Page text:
With every passing day, the angst in the cryptocurrency community grows. Bitcoin’s lack of price movement, trading between the $9,000 to $9,500 range for almost two months is now being seen less as a feature of the cryptocurrency on its own, and more of its tie to the larger financial markets.
Bitcoin, for the better part of this year as the pandemic began sweeping markets, acted in defiance. True to its “uncorrelated” status, the cryptocurrency was making massive highs as both the equity and the commodity markets faltered, shaving millions. This despite Bitcoin losing over 50 percent of its value in a single day in March, and decreasing its supply by 50 percent in May.
However, now that the price and the supply have normalized, the historically volatile asset is stable, and some in the cryptocurrency community suggest because it has not yet decoupled from the stock market.
Mati Greenspan, the founder of Quantum Economics in his letter to investors dated June 25, as Bitcoin was priced at just under $9,200 stated that the decrease in its price and that of the altcoins is more to do with the traditional markets. He stated,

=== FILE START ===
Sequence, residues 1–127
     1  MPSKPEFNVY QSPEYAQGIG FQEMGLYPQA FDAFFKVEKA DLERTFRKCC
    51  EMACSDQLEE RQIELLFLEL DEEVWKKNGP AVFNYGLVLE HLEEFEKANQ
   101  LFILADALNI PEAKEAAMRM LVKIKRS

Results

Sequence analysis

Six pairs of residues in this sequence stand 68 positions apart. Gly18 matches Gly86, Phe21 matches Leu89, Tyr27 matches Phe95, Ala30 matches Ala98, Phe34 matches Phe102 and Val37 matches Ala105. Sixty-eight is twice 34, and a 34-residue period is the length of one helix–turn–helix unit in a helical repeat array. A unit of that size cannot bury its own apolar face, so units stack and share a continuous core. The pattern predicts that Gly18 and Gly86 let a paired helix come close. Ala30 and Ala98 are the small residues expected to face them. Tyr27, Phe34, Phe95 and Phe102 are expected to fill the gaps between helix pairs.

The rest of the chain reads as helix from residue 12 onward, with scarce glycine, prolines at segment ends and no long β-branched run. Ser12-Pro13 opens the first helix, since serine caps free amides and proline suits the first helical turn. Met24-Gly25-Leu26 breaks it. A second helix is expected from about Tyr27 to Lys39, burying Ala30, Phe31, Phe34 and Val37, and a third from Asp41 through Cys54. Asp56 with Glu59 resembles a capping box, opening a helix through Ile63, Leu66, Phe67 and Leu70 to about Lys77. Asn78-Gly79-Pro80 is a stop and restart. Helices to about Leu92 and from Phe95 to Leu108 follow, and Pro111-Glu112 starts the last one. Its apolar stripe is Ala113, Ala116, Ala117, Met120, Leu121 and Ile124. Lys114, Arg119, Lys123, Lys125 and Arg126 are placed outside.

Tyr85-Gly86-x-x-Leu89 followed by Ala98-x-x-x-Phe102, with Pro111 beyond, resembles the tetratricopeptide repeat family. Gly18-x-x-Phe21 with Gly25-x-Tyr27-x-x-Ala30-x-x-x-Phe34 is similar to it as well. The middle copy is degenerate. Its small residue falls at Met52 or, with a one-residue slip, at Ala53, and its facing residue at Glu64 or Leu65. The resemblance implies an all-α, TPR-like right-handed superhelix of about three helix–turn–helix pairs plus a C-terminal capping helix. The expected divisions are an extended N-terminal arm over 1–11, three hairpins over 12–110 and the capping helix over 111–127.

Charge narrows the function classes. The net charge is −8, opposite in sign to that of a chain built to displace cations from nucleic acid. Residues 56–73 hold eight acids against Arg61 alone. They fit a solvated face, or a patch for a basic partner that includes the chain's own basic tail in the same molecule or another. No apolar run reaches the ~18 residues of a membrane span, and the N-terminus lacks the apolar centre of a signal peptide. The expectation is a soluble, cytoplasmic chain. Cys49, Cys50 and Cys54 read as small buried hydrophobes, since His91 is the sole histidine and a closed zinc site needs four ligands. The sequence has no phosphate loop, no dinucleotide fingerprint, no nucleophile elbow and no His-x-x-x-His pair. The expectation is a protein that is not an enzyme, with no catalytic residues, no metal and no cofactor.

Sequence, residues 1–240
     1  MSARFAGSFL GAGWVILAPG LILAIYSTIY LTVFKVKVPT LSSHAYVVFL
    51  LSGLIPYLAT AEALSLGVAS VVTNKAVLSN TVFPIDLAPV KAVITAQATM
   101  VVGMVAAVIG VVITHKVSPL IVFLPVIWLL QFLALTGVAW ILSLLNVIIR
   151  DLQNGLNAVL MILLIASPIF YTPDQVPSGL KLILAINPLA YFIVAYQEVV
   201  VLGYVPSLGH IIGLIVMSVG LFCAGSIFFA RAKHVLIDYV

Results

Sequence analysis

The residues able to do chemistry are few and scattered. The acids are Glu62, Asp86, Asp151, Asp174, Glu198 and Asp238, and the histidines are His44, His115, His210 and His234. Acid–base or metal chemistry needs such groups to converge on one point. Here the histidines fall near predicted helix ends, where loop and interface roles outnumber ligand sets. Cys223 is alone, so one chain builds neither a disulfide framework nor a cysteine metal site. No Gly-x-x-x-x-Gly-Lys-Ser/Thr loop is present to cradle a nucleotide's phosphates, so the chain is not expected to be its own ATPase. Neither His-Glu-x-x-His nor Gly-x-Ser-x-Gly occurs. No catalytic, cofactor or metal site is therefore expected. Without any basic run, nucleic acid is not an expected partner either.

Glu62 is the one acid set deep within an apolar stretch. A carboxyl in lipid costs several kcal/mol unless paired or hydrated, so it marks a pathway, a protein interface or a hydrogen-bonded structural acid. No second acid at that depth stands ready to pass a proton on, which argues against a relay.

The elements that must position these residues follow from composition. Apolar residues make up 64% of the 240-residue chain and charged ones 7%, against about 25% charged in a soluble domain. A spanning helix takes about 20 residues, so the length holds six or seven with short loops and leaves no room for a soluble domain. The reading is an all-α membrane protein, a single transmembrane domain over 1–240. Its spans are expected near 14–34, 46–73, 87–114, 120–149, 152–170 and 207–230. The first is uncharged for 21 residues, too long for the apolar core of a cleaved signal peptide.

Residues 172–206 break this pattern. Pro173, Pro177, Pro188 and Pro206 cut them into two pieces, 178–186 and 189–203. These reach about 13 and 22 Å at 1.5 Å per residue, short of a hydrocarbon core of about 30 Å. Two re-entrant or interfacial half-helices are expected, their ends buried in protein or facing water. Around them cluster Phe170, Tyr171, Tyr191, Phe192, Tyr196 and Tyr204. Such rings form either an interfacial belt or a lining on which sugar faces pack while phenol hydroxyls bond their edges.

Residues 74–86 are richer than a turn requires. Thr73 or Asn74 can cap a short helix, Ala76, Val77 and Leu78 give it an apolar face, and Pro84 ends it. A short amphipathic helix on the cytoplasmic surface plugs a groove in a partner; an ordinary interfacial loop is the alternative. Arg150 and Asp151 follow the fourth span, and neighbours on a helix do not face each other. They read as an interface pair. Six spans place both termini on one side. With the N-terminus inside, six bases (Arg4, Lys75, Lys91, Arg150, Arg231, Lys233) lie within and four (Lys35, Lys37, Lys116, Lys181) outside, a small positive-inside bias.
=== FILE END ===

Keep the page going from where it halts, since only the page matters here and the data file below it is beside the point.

“[The] latest bitcoin and altcoin slide is nothing more than spillover from the traditional markets. We’re not uncoupled yet.”
Bitcoin and the larger cryptocurrency market, despite being called ‘decentralized’ have often borne the effect of macroeconomic activities, usually affecting the traditional markets. Last year, on various isolated occasions, Bitcoin saw movement with gold, mostly due to the ‘safe-haven’ narrative in times of economic or political turmoil.
Now, the stock market prices are balancing the negative effects of the pandemic induced halt of economic activity and the infused liquidity from central banks. During this time, Bitcoin is indeed moving in accordance with the top stock markets index, the S&P500. Data from skew markets indicate that the 1-month correlation of Bitcoin to the S&P500 is at its highest point for over a year, currently valued at over 42.6 percent.
As Bitcoin is ‘coupled’ to the S&P500 and is trading sideways, it presents a different set of short-term fates for the cryptocurrency going forward. Given the likelihood of a second stimulus package in the United States, a further injection of newly minted dollars could see an inflow into Bitcoin as seen in May, or a second wave of Covid-19 cases could result in another liquidations spree, as was seen in March. Either way, the coupling looks to continue.